What the XVCO shows

The image above is an example of what the XVC-O system can provide.  As you can see, most features in the welding environment are clearly visible: the weld tip, weld pool, filler wire feed, seam alignment as well as the surrounding background.  This gives the operator enough information to make an informed decision about how to control the weld quality before problems develop.  It also allows for reduced welding process set up time, as any errors in the welding process will be detected right away by the operator, minimizing down time and scrap. The XVC-O Weld Camera provides clear detail of the welding process, allowing for consistent, high quality welded products to be fabricated.

 

Information on the XVC-O and all other Xiris products is available on our website www.xiris.com, including a library of recorded weld videos for your review.

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Welding Smoke: How Does it Effect You?

The welding environment has very dangerous elements; one that has been scrutinized recently is welding smoke. Although there is an abundance of protective equipment and proactive measures taken, there are still some very hazardous exposures that can occur.

According to the American Federation of State, County and Municipal Employees (AFSCME), welding smoke is a “mixture of very fine particles (fumes) and gases”. This is a known fact of the trade, and every employee and professional knows the risk one accepts when they weld. However, as more long term studies are completed, there are some seemingly minor details that can contribute to very serious health conditions caused by welding. Most fumes and smoke is produced when using arc welding, due to the high heat involved.

smoke1 resized 600

Welding fumes and gases form from the base or filter material, any coatings present, shielding gases, any contaminants in the air, and chemical reactions from arc ultraviolet light and heat. However, these are all very important elements that must be monitored not only for the quality of the weld, but the safety of the employee.

There has been a large amount of studies concerning welding and its relation to Parkinson’s disease. This is a neurological disorder that damages brain cells in the midbrain. These studies have analyzed environmental factors that could be the cause, and have determined that welders develop Parkinson’s at a higher rate than others. This elevated rate has been related to a direct exposure to manganese welding fumes but no definitive results have been found.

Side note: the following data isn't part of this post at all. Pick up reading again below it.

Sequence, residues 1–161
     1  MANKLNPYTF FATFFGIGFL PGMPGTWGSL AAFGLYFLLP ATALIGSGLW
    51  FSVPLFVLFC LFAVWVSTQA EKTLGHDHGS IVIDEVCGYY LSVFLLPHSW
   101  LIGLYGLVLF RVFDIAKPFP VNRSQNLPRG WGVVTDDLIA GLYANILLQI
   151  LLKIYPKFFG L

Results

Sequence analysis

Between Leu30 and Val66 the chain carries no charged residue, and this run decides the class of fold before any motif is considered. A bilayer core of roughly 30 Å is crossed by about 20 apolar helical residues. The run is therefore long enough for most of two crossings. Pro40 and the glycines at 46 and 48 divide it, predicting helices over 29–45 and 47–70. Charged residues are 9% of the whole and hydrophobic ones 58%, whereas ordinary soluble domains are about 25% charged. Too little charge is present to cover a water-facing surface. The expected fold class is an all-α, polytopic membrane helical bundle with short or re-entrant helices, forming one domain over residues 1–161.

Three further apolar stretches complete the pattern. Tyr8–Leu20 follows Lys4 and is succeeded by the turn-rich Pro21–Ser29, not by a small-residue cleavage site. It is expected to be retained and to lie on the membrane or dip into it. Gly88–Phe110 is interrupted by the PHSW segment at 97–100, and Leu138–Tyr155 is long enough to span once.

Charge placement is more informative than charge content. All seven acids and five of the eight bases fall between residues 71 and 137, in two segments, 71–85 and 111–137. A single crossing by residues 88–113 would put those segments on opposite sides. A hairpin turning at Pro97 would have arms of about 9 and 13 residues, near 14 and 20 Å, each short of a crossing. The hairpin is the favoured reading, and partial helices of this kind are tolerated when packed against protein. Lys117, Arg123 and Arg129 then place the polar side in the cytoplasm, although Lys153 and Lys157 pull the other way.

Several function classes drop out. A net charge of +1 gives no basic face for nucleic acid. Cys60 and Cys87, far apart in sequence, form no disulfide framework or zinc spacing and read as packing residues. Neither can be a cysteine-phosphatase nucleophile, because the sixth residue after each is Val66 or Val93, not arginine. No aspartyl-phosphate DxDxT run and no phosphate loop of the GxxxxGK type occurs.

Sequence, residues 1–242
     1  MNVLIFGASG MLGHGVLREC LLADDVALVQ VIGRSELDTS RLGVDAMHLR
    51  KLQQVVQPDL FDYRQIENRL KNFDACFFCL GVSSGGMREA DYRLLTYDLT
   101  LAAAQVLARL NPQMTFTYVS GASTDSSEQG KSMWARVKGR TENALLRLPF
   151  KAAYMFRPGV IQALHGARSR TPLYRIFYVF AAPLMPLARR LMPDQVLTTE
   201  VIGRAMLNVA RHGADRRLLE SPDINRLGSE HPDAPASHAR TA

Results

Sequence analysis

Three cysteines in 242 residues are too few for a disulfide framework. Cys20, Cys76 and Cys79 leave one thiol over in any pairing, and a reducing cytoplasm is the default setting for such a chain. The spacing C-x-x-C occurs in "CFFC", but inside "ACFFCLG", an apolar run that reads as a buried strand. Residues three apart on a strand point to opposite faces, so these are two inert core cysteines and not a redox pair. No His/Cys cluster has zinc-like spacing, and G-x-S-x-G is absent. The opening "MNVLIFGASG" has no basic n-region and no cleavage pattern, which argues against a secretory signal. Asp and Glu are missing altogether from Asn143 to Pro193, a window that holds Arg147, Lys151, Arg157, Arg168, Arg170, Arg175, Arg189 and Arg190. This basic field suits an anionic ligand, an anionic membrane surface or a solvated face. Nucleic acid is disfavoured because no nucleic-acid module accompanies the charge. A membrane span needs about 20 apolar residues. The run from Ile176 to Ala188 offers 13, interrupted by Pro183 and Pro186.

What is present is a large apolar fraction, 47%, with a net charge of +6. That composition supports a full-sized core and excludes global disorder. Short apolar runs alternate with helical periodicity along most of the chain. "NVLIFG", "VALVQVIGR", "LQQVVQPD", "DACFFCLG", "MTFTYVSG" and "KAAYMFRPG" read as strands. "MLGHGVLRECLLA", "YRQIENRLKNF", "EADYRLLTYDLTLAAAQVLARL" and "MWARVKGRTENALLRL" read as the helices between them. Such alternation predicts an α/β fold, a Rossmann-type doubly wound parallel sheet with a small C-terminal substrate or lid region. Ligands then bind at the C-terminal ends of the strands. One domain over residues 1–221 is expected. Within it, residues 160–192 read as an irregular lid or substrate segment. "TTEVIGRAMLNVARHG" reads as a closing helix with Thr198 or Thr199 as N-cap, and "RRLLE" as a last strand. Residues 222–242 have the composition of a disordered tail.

With the addition of a welding camera, such injuries and health concerns can be avoided. Welding cameras, such as the XVC-O promote weld efficiency, quality products, as well as the safety of all employees and operators.

To read more about these health concerns and studies follow this link.

To learn more about the efficiency of weld cameras and the numerous benefits please visit our website.

www.xiris.com

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Monitoring Squeeze Pressure on Tube and Pipe Mills

Recent advancements in machine vision technology have made a new type of inspection capable of recognizing defects related to the forming and welding area of a tube or pipe.  The result is improved quality assurance and process control on the production line.  The new type of inspection device is a laser-based triangulation system that measures the outside contour of a tube or pipe in the vicinity of its weld. 

Typically NDT (non-destructive testing) systems are placed at the end of a production as a final check.  However, the laser inspection system can be placed directly after the weld box.  This system can let operators know what is changing in the welding process, allowing them to perform corrective action before significant scrap occurs. This capability is especially helpful for one of the most common defects found across all types of tube manufacturing: insufficient or excess squeeze pressure. This pressure is used to form the tube during welding and can be monitored by measuring the bead ratio of the tube.

The Bead Ratio

The bead ratio is an important measurement for ERW/HF processes to monitor.  It is calculated by measuring the maximum bead height above the parent material, divided by the thickness of the parent material wall thickness.  The bead ratio is an excellent indication of the amount of squeeze pressure used on an ERW/HF mill during welding. When the squeeze pressure is too high, molten material will spill out of the seam, causing a higher bead to form and increasing the bead ratio.  Likewise, when the squeeze pressure is too small, the parent material will not be pushed together enough and a sunken weld will result, causing the bead ratio to fall.  By taking into account the wall thickness, the bead ratio can determine the severity of a sunken or raised weld for a particular weld thickness, making it more of a measurement relevant across all tube thicknesses.

 sadjf;lasdkjfa;lllllllkj resized 600The Bead Ratio (h/e), where “h” = the height of the bead and “e” = the tube wall thickness.

How the WI2000p System Measures the Bead Ratio